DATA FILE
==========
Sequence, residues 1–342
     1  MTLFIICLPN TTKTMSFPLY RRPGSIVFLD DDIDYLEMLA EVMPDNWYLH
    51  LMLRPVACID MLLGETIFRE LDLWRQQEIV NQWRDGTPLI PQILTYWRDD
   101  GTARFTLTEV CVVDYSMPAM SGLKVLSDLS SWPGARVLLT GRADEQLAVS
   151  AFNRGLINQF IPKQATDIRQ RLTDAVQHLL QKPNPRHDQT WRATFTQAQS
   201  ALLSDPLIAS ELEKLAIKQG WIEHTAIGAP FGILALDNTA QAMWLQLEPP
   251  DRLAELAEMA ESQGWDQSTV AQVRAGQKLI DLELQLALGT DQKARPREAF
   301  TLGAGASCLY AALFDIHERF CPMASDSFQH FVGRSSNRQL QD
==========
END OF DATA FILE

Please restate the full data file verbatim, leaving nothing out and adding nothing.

Sequence, residues 1–342
     1  MTLFIICLPN TTKTMSFPLY RRPGSIVFLD DDIDYLEMLA EVMPDNWYLH
    51  LMLRPVACID MLLGETIFRE LDLWRQQEIV NQWRDGTPLI PQILTYWRDD
   101  GTARFTLTEV CVVDYSMPAM SGLKVLSDLS SWPGARVLLT GRADEQLAVS
   151  AFNRGLINQF IPKQATDIRQ RLTDAVQHLL QKPNPRHDQT WRATFTQAQS
   201  ALLSDPLIAS ELEKLAIKQG WIEHTAIGAP FGILALDNTA QAMWLQLEPP
   251  DRLAELAEMA ESQGWDQSTV AQVRAGQKLI DLELQLALGT DQKARPREAF
   301  TLGAGASCLY AALFDIHERF CPMASDSFQH FVGRSSNRQL QD